Steven M. Moore’s interest in printed media (pre-kinder learning to read and write by filling in balloons in his own comic books, and first novel written the summer he turned thirteen) and early reading of mature sci-fi novels, mysteries, and adventures (today the latter would be called thrillers) led him at an early age to declare, “I can write entertaining and intriguing stories too.” Like many, though, he had to postpone his aspirations to support himself and later his family, so he opted for training in scientific fields—math and science seemed easy at the time, and the immediate post-Sputnik era provided the necessary financial aid as his training took him from UC Santa Barbara to UMass Amherst.
After years of academic teaching and research in the US and South America, he had collected so many what-ifs, plot ideas, character sketches, themes, dialogue snippets, and potential settings that his muses (really banshees with Tasers), knowing he’d never suffer from writer’s block, told him to get busy and start publishing. After fifteen years of doing so, and the publication of many novels, he’s still going strong.
His travels around Europe, South America, and the US, for work or pleasure, taught him a lot about the human condition and our wonderful human diversity, a learning process that started during his childhood in California’s San Joaquin Valley. What he learned affects his storytelling, but he also learned to respect and appreciate Kurt Vonnegut’s opinion that writing fiction is an entertainment business (unlike Vonnegut, Moore doesn’t mind semicolons when used properly), reaffirming his desire to entertain with his fiction. The corollary to that is N. Scott Momaday’s confession: “I simply kept my goal in mind and persisted. Perseverance is a large part of writing.” Moore used his old UCSB English professor’s words as a mantra in his own life.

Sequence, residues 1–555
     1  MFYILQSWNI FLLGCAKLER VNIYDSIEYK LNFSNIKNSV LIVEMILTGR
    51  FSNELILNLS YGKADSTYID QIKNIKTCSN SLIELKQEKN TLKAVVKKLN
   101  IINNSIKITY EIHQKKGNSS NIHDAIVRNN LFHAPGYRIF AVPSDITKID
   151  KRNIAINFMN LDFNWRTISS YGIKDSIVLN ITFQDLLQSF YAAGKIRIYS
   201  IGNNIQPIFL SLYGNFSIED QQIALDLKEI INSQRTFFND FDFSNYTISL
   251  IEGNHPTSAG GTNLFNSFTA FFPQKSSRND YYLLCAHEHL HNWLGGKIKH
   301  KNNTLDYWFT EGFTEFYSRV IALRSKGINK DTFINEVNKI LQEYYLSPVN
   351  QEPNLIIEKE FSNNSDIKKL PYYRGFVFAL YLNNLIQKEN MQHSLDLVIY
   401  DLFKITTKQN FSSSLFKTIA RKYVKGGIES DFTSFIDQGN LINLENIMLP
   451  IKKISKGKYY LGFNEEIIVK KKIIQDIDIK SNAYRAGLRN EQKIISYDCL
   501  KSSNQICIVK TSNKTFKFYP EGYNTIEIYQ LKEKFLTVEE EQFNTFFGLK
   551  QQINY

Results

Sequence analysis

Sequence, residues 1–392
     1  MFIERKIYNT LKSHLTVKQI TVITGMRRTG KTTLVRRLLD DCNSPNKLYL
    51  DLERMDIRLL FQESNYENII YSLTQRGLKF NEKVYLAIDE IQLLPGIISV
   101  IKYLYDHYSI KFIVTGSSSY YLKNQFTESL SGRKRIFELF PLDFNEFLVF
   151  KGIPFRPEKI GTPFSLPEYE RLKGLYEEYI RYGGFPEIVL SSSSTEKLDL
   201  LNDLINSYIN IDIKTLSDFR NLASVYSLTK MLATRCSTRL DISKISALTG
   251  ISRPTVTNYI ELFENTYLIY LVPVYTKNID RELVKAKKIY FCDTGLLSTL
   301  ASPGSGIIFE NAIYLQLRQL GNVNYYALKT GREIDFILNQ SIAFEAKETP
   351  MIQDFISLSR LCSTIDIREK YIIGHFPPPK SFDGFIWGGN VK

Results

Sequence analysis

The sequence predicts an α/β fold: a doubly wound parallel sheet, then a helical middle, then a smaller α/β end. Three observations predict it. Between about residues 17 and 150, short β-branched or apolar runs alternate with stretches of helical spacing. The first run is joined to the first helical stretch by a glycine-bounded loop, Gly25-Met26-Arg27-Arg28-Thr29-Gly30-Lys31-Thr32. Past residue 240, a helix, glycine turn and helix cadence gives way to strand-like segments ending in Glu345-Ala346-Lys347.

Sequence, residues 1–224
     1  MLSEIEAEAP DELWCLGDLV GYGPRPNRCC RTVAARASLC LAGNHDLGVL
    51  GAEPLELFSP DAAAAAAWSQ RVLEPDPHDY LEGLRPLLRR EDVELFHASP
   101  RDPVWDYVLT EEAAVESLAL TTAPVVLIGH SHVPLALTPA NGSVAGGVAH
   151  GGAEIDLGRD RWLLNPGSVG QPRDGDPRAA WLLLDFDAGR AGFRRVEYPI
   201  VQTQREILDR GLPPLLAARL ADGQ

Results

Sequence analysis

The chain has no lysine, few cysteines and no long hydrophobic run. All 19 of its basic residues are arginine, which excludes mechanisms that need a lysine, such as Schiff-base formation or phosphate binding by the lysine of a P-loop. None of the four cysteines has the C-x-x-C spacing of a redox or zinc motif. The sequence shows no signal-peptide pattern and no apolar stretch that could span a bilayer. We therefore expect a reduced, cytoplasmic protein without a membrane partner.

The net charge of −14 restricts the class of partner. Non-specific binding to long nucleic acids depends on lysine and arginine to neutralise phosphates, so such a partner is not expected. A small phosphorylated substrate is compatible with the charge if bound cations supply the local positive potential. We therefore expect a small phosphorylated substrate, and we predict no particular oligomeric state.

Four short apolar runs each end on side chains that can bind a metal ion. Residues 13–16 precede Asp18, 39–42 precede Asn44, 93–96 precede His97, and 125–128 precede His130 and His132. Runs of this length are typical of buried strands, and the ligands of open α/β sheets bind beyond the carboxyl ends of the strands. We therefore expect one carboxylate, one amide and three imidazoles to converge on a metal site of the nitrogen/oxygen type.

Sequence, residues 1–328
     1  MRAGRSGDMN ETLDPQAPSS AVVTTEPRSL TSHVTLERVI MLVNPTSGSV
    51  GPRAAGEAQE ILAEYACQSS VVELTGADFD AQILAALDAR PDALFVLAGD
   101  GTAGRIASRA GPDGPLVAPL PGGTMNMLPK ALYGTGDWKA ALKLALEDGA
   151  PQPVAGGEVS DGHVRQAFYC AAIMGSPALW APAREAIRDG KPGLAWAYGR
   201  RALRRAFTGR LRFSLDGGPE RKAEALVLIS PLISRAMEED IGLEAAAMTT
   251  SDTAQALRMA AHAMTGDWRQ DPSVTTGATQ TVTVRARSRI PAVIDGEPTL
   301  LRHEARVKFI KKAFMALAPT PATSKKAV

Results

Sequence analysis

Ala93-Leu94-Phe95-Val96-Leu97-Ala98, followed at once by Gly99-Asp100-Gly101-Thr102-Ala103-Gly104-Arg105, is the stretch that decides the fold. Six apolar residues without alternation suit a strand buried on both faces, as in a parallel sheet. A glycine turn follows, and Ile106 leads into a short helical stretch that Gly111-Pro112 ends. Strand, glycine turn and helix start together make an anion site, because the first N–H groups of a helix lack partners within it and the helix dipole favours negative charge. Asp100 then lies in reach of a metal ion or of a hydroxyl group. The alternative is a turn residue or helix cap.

Moore also maintains an active website with weekly new content—some of his blog posts on writing have appeared around the internet, especially “The Eightfold Way”—and he has encouraged and supported other writers with book reviews (his last one was a review of Walter Isaacson’s Leonardo Da Vinci, found on Bookpleasures) and interviews. He’s also been interviewed on several websites, including Feathered Quill. He has a Facebook author page and is active there and on Goodreads. He is now a full-time writer and, whether writing articles, short stories, novellas, or novels, he enjoys every minute of it.
Moore has lived in California, Indiana, Maryland, and Massachusetts, as well as Colombia, where he learned to dream in Spanish and appreciate Gabo’s prose skills and Neruda’s poetry in Castellano. He and his wife now live in Montclair, NJ, just thirteen miles west of the Lincoln Tunnel.